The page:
Dinka bird snare

Dinka bird snare
Other views of this artifact:

Accession Number:
[Southern Sudan] ?Warab Fanamweir
Cultural Group:
Date Made:
By 1933
Wood Plant , Horse Hair Animal , Plant Fibre , Clay
Carved , Knotted , Twisted , Strung , Modelled , Perforated Impressed Decorated
Rod L = 207 mm, W = 10.2 mm, Th = 9.6 mm; lozenge-shaped weight L = 26.5 mm, W = 16.5 mm, Ht = 13.6 mm; ovoid weight L = 36.8 mm, W = 24 mm, Th = 17 mm; diam strings = 0.5 mm, diam cord = 1.5 mm, L string and weight drop below bar = 13.5 to 14.5 mm; L cor
85.7 g
Local Name:
Other Owners:
Collected by Percy Horace Gordon Powell-Cotton and his wife Hannah Powell-Cotton (nee Hannah Brayton Slater) on 3rd May 1933 during a shooting expedition [RTS 21/7/2004].
Field Collector:
Percy Horace Gordon Powell-Cotton & Hannah Powell-Cotton (nee Hannah Brayton Slater)
PRM Source:
Percy Horace Gordon Powell-Cotton
Donated 1934
Collected Date:
3rd May 1933
Bird snare consisting of a short piece of light yellowish brown wood (Pantone 7509C), round in section, cut flat at either end and with a smooth and regular surface. This has been hung with 14 strings made from wiry cream coloured horsehair (Pantone 7506C), each fastened to the rod with a slip knot, and at their bases passing into the centre of 14 hand made weights of light grayish brown clay with tiny micaceous inclusions (Pantone 7531C). These weights are lozenge-shaped in plan view, with a slightly pointed apex, convex sides and a flat base. The strings pass directly into each weight at its top, and it would appear that the weights were modelled around each string while the clay was still wet and malleable; the clay is soft and has probably been sun dried only rather than fired. Each weight has also been attached to its neighbour by a thick cream coloured plant fibre cord, made from three strands twisted together (Pantone 7507C), and probably an imported product. This cord passes through their sides, just above the base; this may also have been done while the clay was moist. At one end, there is a larger weight, ovoid in section and teardrop-shaped in plan view with a point at one end. The string passes directly into the pointed top end of this weight, which has been decorated with a series of parallel impressed lines that run around the outside edge and in a single column extending down the length on both upper and lower surfaces. The object is complete and intact, and has a total weight of 85.7 grams. The wooden bar is 207 mm long, 10.2 mm wide and 9.6 mm thick. The lozenge-shaped weights are of similar dimensions; a typical example is 26.5 mm long, 16.5 mm wide and 13.6 mm high. The larger pendant weight at the end is 36.8 mm long, 24 mm wide and 17 mm thick. The horsehair strings are 0.5 mm in diameter, and these have a drop of between 13.5 and 14.5 mm below the wooden bar (including the height of the weights). The cord has a diameter of 1.5 mm, and when fully extended is 700 mm long (including the full length of the pendant weight).

Collected by Percy Horace Gordon Powell-Cotton and his wife Hannah at Fanamweir on 3rd May 1933 during a shooting expedition.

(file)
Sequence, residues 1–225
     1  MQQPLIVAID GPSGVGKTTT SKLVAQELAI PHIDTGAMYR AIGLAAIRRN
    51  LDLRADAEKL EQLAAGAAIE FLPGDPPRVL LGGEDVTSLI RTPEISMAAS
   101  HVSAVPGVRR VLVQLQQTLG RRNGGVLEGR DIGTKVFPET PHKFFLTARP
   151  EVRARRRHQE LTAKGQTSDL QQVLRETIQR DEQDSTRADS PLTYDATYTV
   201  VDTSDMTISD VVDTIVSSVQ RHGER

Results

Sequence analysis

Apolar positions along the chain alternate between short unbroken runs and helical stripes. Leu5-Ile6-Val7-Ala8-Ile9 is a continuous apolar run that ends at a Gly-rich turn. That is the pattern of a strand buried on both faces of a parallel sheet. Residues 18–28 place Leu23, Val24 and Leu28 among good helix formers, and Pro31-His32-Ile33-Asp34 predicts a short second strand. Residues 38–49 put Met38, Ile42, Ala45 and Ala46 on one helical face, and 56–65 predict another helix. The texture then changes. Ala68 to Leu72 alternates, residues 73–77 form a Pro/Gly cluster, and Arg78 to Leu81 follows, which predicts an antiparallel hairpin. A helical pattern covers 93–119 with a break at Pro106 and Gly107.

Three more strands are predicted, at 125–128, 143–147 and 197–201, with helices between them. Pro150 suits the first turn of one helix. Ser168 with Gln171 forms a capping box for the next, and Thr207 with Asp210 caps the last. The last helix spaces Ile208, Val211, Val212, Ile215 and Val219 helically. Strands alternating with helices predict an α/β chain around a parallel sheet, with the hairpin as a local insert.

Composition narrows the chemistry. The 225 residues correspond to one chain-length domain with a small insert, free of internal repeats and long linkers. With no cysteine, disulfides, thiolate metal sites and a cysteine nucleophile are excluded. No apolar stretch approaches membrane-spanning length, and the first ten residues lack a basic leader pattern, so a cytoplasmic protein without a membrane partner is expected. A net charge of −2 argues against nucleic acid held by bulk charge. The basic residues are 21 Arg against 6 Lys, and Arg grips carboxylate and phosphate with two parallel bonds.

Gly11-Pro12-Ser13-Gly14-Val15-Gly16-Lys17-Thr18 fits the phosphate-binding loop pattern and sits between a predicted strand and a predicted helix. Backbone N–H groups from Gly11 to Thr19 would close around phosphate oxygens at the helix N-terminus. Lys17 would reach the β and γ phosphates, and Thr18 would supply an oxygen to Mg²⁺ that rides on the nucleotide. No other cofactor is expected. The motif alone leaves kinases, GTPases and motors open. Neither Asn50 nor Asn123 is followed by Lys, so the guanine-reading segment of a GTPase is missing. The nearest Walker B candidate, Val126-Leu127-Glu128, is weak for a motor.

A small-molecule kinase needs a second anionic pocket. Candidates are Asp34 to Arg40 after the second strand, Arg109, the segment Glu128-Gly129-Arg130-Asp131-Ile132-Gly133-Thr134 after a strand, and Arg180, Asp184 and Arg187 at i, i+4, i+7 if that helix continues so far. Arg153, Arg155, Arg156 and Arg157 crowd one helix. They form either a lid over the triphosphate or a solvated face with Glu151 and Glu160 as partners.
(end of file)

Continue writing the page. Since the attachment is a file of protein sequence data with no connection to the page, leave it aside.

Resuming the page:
Powell-Cotton gave the Dinka name for this object as
wiel, but according to Nebel, this term is defined as: "bristle, fibre; hair of elephant or giraffe tail" (plural: wiil - Nebel 1979, Dinka-English Dictionary, p. 93). This suggests that Powell-Cotton’s term describes the material, rather than the object type.

Few authors on the Southern Sudan discuss bird catching; a brief mention of clay pellets 'slung from the end of a pliant twig' being used in bird scaring by the Anuak may refer to a related device (H.H. Austin, 1902,
Among Swamps and Giants in Equatorial Africa, p. 19).

A number of South Sudanese clays seem to contain particles of mica, including those used by the Zande and Bongo
(P.M. Larken, 1926, "An Account of the Zande", Sudan Notes and Records IX no. 1, p. 4; G. Schweinfurth, 1873, In the Heart of Africa Volume I, p. 292; Volume II, p. 25).

Rachael Sparks 8/9/2005.

Primary Documentation:
Accession Book Entry [p. 248] 1934 [insert] 8 [end insert] - MAJOR P. H. G. POWELL-COTTON , Quex Park, Birchington, E. Kent. Specimens collected by himself & Mrs Cotton, during hunting trips, 1933, viz: - From the DINKA tribe, FANAMWEIR & KORNUK, WHITE NILE [...] [insert] 10 [end insert] - Series of horse-hair bird-snares, united on a line & each weighted with a lump of clay. ib[idem] [FANAMWEIR] (2413).
Additional Accession Book Entry [p. 247] - 1934.8.10 No given AP.

Card Catalogue Entry - There is no further information on the catalogue card [RTS 03/03/2004].

Related Documents File - Typewritten List of "Curios Presented to Dr. Balfour by Major & Mrs. Powell-Cotton. Dinka Tribe". This object appears as item 2413: "Bird trap, horse hair thread with bits of clay attached, native name Wiel , 3/5/33 Fanamweir, 8.55 N, 28.42 E". Also contains details of a cine film 'some tribes of the Southern Sudan', taken by Powell-Cotton during this 1933 expedition, copies of which are now in the National Film and Television Archive and the Powell-Cotton Museum in Kent [RTS 14/3/2005].

Old Pitt Rivers Museum label - Wiel , bird-snare. DINKA, FANAMWEIR. WHITE NILE. d.d. Major Powell-Cotton, 1934. 8° 55' N., 28° 42' E., (2413) [tied to object; RTS 21/7/2004].

Funded by Arts and Humanities Research Council
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